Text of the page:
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Gabbard, G.O. (1992). Commentary on “Dissociative Processes and Transference-Countertransference Paradigms …” by Jody Messler Davies and Mary Gail Frawley. Psychoanal. Dial., 2(1):37-47.

(1992). Psychoanalytic Dialogues, 2(1):37-47

Commentary on “Dissociative Processes and Transference-Countertransference Paradigms …” by Jody Messler Davies and Mary Gail Frawley Related Papers

Glen O. Gabbard, M.D.

According to legend, Bion was once asked for his thoughts in the midst of an extraordinarily chaotic group relations conference involving heated conflicts between groups and individuals. His response to the question was that he did not find the circumstances conducive to thinking (Symington, 1990). In a similar vein, analysts who attempt to treat patients with dissociative disorders as a consequence of childhood sexual abuse find themselves in the eye of a veritable hurricane that erodes what Fleming (1973) referred to as the analyst's work ego. Rational thought and quiet, introspective reflection are severely compromised by the sheer forcefulness of the reenactment of the patient's internal object world. Davies and Frawley have captured these paradigms with vividness and clarity. I fully concur with their view that the transference-countertransference developments arising from the patient's internal object relations may serve as either a gateway to recovery or a trapdoor to a mine field of problematic countertransference enactments. As Lisman-Pieczanski (1990) notes: “Contact with these patients deeply affects the therapist's inner balance and capacity to understand and care. Thus, the analytic process frequently includes the analyst's cyclic attempts to rescue his or her analytic capacity” (p. 145).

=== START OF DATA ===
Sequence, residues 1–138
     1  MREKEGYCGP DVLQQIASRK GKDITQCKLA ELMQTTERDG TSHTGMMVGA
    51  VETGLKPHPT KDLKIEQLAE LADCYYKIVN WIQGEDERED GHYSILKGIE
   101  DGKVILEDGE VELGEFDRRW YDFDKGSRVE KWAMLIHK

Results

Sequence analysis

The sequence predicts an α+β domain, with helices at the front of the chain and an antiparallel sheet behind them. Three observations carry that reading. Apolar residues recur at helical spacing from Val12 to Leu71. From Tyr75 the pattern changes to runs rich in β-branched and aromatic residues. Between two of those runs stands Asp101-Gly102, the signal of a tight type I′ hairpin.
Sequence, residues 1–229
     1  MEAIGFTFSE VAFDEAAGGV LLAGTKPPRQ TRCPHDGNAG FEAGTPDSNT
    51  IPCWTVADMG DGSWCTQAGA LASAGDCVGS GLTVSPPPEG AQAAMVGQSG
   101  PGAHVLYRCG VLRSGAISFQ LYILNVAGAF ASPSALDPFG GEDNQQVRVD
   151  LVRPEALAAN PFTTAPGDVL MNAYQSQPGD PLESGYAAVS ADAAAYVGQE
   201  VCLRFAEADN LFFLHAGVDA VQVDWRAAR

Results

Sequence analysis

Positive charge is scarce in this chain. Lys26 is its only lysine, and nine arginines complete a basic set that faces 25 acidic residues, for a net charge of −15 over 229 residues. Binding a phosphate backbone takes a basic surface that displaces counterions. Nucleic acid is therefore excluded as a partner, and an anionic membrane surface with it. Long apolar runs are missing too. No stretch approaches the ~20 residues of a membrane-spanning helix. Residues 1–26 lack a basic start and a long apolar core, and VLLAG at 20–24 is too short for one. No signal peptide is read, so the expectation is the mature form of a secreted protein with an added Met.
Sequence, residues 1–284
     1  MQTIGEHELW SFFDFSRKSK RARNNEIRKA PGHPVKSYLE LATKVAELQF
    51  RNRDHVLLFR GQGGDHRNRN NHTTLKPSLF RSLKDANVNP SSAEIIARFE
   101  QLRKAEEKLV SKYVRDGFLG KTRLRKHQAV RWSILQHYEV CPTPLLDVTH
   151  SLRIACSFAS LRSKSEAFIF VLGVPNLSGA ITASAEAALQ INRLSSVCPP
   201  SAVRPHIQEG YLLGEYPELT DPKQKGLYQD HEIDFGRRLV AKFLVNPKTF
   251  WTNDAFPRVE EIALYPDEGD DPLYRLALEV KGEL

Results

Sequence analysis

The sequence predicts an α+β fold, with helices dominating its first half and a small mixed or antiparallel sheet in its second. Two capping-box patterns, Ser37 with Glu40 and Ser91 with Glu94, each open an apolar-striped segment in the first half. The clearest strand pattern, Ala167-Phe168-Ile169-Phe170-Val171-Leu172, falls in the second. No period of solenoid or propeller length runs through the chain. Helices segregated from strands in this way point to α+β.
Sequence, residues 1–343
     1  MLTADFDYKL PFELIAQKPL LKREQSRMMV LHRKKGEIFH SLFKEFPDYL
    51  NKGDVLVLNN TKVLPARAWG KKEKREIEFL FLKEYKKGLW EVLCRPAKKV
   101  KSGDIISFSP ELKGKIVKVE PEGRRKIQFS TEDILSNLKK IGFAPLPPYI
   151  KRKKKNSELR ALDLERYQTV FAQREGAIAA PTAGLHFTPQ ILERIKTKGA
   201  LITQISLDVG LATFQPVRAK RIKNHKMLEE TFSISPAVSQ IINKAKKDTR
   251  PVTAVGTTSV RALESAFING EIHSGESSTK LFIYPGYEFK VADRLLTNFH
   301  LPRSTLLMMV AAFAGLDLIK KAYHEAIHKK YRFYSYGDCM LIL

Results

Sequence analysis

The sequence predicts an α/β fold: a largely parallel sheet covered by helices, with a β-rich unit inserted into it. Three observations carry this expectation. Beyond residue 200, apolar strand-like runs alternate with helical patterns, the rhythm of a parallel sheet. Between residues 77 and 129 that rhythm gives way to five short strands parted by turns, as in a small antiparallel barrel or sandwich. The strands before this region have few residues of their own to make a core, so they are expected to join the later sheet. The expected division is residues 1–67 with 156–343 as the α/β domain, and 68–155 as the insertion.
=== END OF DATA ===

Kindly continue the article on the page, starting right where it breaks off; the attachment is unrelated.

The authors' eloquent essay is replete with sound clinical wisdom for those who rise to the challenge of treating incest survivors.

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